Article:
This Week in Discourse - Chess enters the online drama phase
Plus: Chinese influence op gets busted, Meta's Oversight board flops, and the WarThunder forums are at it again
Welcome to a mega-sized Labor Day edition of This Week in Discourse for paid subscribers! If you’re a paid sub, thanks for being one of the classier types of internet chaos gremlin. If you’re not a paid sub, you can always change that!
Meta’s Oversight Board - Worthless and slow?
Platformer has a great post breaking down some disturbing facts about Meta’s Oversight Board you should check out. A quick refresher - the Oversight Board was created by Meta to act as a sort of ‘Supreme Court’ for moderation decisions on Facebook (and now all Meta properties). The idea is a genuinely good one - create an independent group consisting of legal scholars, ethicists, etc, to weigh in on the trickiest moderation problems. Meta did a good job setting up the board, and has made reasonably strong commitments to actually abide by the Board’s decisions. The whole set up has a lot of promise in my eyes.
Unfortunately, the reality of the Board hasn’t matched it’s idealized purpose. There have quarters where the Board heard as few as three cases, and it can take the better part of a year to make a decision on a controversial post. In the case documented by Platformer, 7-8 months passed between a Cambodian post that incited violence and the Board’s recommendation that the post be removed and a politician’s account suspended. In that time, political violence had already spilled across the country.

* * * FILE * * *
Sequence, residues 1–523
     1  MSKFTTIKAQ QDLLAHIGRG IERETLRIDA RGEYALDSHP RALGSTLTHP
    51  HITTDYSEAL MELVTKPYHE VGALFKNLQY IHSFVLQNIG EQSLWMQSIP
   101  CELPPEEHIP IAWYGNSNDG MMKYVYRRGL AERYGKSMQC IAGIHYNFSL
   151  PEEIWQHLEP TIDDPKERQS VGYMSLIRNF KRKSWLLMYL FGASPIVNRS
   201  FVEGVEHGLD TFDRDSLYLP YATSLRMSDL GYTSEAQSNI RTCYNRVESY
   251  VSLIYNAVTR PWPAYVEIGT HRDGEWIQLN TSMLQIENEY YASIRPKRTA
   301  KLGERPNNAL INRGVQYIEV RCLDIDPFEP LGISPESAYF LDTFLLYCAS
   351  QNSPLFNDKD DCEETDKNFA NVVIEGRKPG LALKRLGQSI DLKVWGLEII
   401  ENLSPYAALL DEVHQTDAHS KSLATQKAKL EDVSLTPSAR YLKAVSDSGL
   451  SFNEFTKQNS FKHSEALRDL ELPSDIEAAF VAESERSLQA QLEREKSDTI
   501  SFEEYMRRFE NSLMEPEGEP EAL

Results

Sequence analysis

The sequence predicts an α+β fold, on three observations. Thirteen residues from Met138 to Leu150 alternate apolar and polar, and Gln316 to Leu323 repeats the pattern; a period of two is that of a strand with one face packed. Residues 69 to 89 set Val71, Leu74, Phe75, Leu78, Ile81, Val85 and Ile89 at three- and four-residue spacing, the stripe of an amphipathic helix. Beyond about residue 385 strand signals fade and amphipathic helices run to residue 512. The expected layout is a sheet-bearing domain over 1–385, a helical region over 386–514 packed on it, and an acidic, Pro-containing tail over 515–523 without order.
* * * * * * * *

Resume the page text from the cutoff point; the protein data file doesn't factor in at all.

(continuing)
I don’t think there’s an easy way to fix internet content moderation. Mike Masnick is famous for his theory that content moderation is impossible to do well at scale, no matter how hard you try. I tend to agree - all content moderation efforts are going to have failure points, no matter what you do. But at the same time, there are degrees of failure. Some failures are much worse than others, and you should at least try to minimize how badly you’re failing. The Oversight Board seems to be failing in pretty obvious ways and should wake up and try to fulfill its original promise. It’s hard to go fast, but they’ve got to do better than 7 months.
Chess’s biggest cheating scandal ever wraps up
If you’re not a huge chess nerd but you do love salacious internet gossip, then this is the chess story for you. It involves cheating, lawsuits, bizarre behavior, and accusations of anal beads.
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